Storage Indexes, OLTP With Well Ordered and Not-So-Well-Ordered Tables

What is a Storage Index?

Storage Indexes are a feature unique to Oracle Exadata. A storage index is a memory-based structure that reduces the amount of physical IO required by the cell. A storage index keeps track of minimum and maximum values from query predicates and builds storage index regions based on usage.

The example above shows that for a given table, T, the values for column B are tracked such that in the example where B<2 is provided, Oracle will know to use the storage index in track 1 and refer only to blocks in the B: 1/5 range. The goal is storage indexes, again, is to eliminate unnecessary IO calls to cells and ASM AUs/disks/cells on which the requested data does not exist. The way it’s physically laid out is:

  • The storage space inside each cell is logically divided into 1Mb chunks called “storage regions”
  • The boundaries of ASM allocation units (AUs) are aligned with the boundaries of the storage regions.
  • In each storage region, data distribution statistics are maintained in a memory structure called a region index.
  • Each region index contains distribution information for up to 8 columns.
  • The storage index is a collection of region indexes.

The storage statistics represent the data distribution of columns that are considered “well-clustered” by Exadata, and Exadata provides logic to determine what columns are clustered well enough to be included in a storage index. Storage indexes work best when data is roughly ordered so the same column values are clustered together, and when the query predicates contain =, <, >, or some combination of these. The only way to influence the user of a storage index is to load your tables with sorted data.

Test Data

The tests below are done on Centroid’s Exadata X2-2 Quarter Rack Database Machine. We’ve created a 38 million-row table called MYOBJ, which looks like DBA_OBJECTS. We’ve then created MYOBJ_ORDER as a copy of MYOBJ ordered by STATUS, then OBJECT_TYPE. We may have to re-visit this test case at some point, but for now we’ll test with these tables.



Testing OLTP Tables

In previous posts, we’ve seen how storage indexes can benefit queries against tables with predicates searching well-ordered tables. In this post we’ll explore test cases against tables that are “OLTP by nature” – meaning, tables with sequence-generated values in key columns.

Let’s simulate a real-life OLTP table, without indexes, in which a sequence may be used to populate a column incrementally. The difference between this test and a real OLTP workload is that in our storage index testing, we won’t have any “real” indexes.



In our first test, we’ll do an equality join:



We see the expected storage index scan. Let’s see if we can range-scan this and get it to use a storage index:



So far so good, storage indexes in play and making a big difference. Now let’s see how wide we can make our range scan and still get the benefit of a storage index:



The query response time was under a second by nature of using storage indexes even after a million rows. Try getting that performance with a 1,000,000-row standard index range scan! But will this success hold up when selecting more than just one column?



The answer appears to be an emphatic YES. Let’s try to find the breaking point and change the range scan up to 15 million rows, or almost half the size of the table:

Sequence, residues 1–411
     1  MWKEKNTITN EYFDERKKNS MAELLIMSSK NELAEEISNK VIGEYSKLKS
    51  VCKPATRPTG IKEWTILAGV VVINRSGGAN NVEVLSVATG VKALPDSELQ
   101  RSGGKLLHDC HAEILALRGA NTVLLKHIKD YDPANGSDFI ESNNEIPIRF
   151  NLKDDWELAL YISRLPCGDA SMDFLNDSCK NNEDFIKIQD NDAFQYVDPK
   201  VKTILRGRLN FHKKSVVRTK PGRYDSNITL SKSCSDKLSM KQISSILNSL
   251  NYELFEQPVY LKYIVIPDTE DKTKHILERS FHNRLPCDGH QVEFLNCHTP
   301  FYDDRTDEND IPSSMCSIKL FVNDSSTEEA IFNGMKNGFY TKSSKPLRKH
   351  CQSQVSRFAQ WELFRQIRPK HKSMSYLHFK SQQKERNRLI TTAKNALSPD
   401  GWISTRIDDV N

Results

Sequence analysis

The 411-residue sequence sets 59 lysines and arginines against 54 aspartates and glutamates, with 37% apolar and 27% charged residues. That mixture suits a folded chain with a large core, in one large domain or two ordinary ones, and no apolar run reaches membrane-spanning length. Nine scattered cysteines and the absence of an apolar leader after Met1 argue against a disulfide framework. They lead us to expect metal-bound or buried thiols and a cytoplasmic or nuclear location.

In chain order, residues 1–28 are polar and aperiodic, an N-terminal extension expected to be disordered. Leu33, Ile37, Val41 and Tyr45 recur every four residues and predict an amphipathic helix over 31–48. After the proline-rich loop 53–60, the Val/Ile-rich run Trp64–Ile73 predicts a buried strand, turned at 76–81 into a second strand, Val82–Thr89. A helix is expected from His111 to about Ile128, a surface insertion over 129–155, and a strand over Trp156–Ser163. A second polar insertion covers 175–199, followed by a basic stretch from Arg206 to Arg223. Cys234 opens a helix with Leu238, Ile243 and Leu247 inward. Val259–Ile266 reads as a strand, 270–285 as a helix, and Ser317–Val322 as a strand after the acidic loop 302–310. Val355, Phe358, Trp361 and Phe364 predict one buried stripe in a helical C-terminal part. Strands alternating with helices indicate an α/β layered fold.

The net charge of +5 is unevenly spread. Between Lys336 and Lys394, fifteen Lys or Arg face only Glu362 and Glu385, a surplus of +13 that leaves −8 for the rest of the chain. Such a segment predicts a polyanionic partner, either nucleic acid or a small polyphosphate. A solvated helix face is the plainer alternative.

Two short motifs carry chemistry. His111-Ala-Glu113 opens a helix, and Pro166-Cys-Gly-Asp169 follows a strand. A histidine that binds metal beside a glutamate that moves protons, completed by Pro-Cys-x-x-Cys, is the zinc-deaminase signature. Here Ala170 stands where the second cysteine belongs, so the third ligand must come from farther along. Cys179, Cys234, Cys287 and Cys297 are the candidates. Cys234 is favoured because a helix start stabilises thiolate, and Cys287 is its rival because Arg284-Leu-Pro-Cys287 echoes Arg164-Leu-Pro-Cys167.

As we can see above, Oracle used a storage index even when it needed to access nearly all the rows in the table. This is due to the fact that it’s perfectly ordered on the predicate column. So can we do anything to make it actually avoid using a storage index? The answer it yes – put an upper bound limit outside the range of the maximum value in the column:



The examples in this section should really get you thinking of the potential power and benefit of storage indexes in an OLTP system. If your system does unique index scanning on sequentially-generated number or even if it does wide scan ranges, the performance savings of storage indexes can drastically outpace normal B*tree index access methods. It all boils down to your column ordering. If you consider this from the standpoint of being able to drop your large indexes on OLTP tables, it’s quite an interesting consideration.

Before closing out this section, let’s bring it back to a more real-life scenario in which OLTP tables are joined with other tables, some of which are well-ordered, some ordered on different columns, some not ordered in any discernable fashion at all. In the tests below we’ll join our three MYOBJ% tables and see what we can learn:




In the second example, we saw storage indexes in use, likely due to the optimizer leading with the MYOBJ_ORDER table, so this in part contradicts Oracle’s documentation that storage indexes are not viable for joins. The referenced documentation could be outdated so I won’t necessarily blame Oracle documentation. The first test showed no storage index in use, but Smart Scan processing did scan huge amount of un-indexed rows relatively quickly. If we do other tests with a larger result set joining all three tables, we see that not only are storage indexes not used, but also the offload efficiency drops. If, however, we remove MYOBJ (the un-ordered table) from the query and do a 2-way join, storage indexes will be used and performance will be very good.


  • OLTP tables with sequentially-populated columns (i.e., ORDER_ID, TRANSACTION_ID, etc.) could be great candidates for storage indexes
  • Storage indexes will not be used when the upper bound of a range scan is outside the bounds of what values exist in the table.
  • Storage indexes can be used for joins but your mileage will vary based on the query predicates and how well ordered every table is in the query.